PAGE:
Increases price of raw material:


The prices of natural rubber and petroleum, which are essential components for the manufacturing of tires, becoming higher and higher which is badly effecting the tire manufacturing industry because of this high price raw material than tire manufacturing companies were also offering high prices

Cross Ply, Radial and Tubeless Tires Providing High Profits:


Many foreign and local companies which are dealing in cross ply, radial and tubeless tires are gaining high profits. When in 1950, when first cross ply tires technology was introduced than the company which adopted the technology at first gained a lot of profit and same is the case with radial tires and vice versa. Also automobiles companies are gaining a lot of profits from the Indian market and they are generating more sales every year. Cross ply tires are cheaper and are suitable for the Indian in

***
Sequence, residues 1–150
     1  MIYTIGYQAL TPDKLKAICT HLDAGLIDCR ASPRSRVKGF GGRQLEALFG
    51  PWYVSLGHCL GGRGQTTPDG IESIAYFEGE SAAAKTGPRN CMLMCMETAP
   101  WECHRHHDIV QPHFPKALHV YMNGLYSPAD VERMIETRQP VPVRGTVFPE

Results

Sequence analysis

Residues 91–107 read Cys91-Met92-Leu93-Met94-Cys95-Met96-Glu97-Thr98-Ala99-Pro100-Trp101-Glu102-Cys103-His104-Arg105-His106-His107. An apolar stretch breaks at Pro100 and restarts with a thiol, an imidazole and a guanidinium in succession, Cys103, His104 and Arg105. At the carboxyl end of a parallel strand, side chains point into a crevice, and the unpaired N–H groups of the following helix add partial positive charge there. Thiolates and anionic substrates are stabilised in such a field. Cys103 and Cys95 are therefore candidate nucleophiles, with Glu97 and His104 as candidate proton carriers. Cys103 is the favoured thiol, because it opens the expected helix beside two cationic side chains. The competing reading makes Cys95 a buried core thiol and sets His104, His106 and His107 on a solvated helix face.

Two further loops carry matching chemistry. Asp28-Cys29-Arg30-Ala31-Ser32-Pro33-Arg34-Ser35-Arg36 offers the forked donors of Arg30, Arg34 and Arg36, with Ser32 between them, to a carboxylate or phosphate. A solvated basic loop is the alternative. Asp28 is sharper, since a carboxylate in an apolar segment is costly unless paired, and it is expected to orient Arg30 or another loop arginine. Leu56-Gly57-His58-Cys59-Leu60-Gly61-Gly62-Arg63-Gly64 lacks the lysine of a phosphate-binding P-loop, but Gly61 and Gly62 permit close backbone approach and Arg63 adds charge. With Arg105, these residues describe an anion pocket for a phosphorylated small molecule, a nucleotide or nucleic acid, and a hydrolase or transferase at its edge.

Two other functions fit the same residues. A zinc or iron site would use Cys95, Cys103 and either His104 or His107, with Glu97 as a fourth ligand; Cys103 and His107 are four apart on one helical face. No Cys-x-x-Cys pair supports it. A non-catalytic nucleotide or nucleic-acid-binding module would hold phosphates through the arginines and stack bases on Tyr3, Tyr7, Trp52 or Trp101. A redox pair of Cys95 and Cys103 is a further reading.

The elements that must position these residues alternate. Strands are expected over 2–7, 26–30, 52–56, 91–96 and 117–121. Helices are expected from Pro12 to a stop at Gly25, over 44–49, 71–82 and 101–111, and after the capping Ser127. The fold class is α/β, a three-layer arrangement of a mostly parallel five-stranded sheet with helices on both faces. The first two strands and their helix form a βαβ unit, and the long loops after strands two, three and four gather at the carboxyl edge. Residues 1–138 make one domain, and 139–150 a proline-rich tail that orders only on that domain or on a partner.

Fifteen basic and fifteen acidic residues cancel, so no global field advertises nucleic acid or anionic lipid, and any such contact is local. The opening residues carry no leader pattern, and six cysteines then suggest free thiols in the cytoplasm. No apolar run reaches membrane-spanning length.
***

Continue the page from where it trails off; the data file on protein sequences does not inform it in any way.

Tyre Industry

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Trade Policy - Tyres & Raw Materials


y y y y y

All categories of new tyres can be exported freely. All categories of new tyres can be imported freely. No WTO Bound Rates for Tyres & Tubes. All raw materials required for the manufacture of tyres can be imported freely (OGL). The custom duty is 10%

TECHNOLOGY Quality of Roads and technology according to it:


First cross ply tire was created in 1950. In the cross ply technology the textile and metal steel cords are braided diagonally on the external surfaces of the tire. The condition of roads of India was not so good so cross ply tires has a greater capacity for absorption on rough terrain, but it has a poor road holding at high speed and when it is subjected to high torsion or stress, there is a strong risk of it coming off the rim but it is economical in price so it covered 65% of tire sales in India. After than radial technology (created in 1965) introduced in the market in which textile and metal steels cords are braided radially or at 90 degree which provides them better expectancy and better road grip so it represented 85 % of care tire sales but after than tubeless technology introduced and it is economical and good quality.